Western lowland gorilla
Back covered with grey hair
The western lowland gorilla is an impressive primate which lives in tropical rainforests and wetlands, up to 1,300m in altitude, on the Atlantic side of central Africa. It is a quiet animal that is only aggressive when it is disturbed or threatened.
These large primates live in groups, usually with a dominant male which is larger and more powerful than the females (it measures up to 1m 80 in height and can weigh around 200 kg) and its back is covered with grey hair. Alongside him, some females and their offspring: babies, juveniles, teenagers and young adults. Their reproductive rate is low: the female is only mature after about eight years and gives birth to one baby each year, following a gestation period of about 9 months.
The species is critically endangered and at risk of extinction. Indeed, while 20 years ago the population numbered around 100,000 individuals, intense deforestation, poaching and particularly diseases such as a form of the HIV virus, malaria and especially Ebola have decimated the gorilla populations.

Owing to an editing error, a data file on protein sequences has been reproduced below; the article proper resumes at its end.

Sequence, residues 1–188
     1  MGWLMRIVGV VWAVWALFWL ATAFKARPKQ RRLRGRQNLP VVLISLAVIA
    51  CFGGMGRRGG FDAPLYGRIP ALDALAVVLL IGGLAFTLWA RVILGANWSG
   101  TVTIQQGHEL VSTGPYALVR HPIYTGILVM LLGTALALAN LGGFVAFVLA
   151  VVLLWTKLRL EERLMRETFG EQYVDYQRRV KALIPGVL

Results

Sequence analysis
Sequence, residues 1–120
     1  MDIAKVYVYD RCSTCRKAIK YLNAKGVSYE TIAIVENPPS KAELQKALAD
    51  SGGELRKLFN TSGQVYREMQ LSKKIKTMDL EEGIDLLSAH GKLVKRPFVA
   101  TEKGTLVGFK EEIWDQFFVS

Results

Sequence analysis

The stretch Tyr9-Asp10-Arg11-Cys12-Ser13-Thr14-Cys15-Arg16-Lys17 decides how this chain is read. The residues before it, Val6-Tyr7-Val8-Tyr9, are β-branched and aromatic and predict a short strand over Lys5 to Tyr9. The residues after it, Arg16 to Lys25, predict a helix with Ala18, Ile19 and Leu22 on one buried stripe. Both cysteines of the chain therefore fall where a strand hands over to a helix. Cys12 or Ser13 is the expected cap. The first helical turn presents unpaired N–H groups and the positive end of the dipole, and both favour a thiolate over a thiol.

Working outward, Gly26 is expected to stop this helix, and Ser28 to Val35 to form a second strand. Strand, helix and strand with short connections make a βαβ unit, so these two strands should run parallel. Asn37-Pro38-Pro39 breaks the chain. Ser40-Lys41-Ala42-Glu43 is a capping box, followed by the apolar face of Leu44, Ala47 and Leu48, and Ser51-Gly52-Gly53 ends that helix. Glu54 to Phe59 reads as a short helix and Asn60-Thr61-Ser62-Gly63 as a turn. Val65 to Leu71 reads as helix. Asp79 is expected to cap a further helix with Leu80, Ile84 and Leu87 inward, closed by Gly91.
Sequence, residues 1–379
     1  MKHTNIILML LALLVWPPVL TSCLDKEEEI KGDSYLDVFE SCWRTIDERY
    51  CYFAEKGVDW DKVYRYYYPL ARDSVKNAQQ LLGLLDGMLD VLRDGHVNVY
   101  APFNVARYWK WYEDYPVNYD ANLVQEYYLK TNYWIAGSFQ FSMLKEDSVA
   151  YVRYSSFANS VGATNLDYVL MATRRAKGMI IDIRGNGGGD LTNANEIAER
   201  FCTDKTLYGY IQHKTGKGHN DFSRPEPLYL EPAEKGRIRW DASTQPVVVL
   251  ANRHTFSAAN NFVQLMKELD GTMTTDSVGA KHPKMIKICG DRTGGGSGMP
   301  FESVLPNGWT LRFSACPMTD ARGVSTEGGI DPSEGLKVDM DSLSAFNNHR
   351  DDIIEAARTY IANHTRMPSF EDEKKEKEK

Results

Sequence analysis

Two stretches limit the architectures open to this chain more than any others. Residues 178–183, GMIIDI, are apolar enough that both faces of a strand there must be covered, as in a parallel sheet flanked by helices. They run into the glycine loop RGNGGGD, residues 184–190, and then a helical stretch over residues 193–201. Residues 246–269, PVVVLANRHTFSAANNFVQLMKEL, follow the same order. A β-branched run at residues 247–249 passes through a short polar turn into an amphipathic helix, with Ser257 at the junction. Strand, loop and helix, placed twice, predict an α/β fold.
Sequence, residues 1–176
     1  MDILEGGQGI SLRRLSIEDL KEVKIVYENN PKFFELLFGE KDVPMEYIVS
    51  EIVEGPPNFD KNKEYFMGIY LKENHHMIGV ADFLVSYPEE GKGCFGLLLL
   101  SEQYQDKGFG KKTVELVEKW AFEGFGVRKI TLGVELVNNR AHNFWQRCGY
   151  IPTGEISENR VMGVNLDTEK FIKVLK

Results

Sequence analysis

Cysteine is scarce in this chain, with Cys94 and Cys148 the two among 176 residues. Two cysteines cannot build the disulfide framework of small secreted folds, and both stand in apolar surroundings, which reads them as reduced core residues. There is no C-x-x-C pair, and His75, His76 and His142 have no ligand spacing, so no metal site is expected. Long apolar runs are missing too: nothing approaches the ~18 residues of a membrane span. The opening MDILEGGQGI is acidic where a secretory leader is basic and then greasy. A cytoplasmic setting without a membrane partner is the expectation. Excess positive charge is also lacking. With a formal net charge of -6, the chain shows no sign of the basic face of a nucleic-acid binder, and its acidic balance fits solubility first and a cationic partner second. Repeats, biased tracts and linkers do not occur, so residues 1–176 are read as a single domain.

4 gorillas in Pairi Daiza
Pairi Daiza is home to four gorillas, young adult males divided into two groups:
- Shomari (male) born on July 12, 2007 in Artis Zoo (The Netherlands). Arrived in Pairi Daiza in 2016.
- Indigo (male) born on September 27, 2012 in Durrell Wildlife (Jersey). Arrived in Pairi Daiza in 2019.
- Tebogo (male) born on March 22, 2012 in Zoologischer Garten Wuppertal (Germany). Arrived in Pairi Daiza in 2019.
- Lomako (male) born on november 19, 2004 in 'La Vallée des singes' (France). Arrived in Pairi Daiza in 2016.
We have provided them with a territory worthy of their impressive appearance: two islands, each featuring a hollow hill in the shape of a volcano, the inside of which is illuminated by the light shaft from the crater and which contains a large enclosure where they can wander about, climb on poles and ropes, sit in the sand and watch us with their bright little eyes.
How should you behave when viewing our gorillas?
If they are in their inner territories, you will observe our gorillas through a glass pane. This glass pane does not prevent interaction through facial expression or posture, by gestures or by voice. The gorilla is very sensitive and intelligent: it is perfectly capable of interpreting your demeanour. Avoid appearing arrogant or disrespectful by staring at him, shouting out or making sudden gestures. He will be more curious than stressed if he understands that you do not want to confront him or belittle him.
A “critically endangered” species
- Name: Western lowland gorilla
- Latin name: Gorilla gorilla gorilla
- Origin: Western central Africa
- IUCN status: Critically endangered
- Cites: Appendix I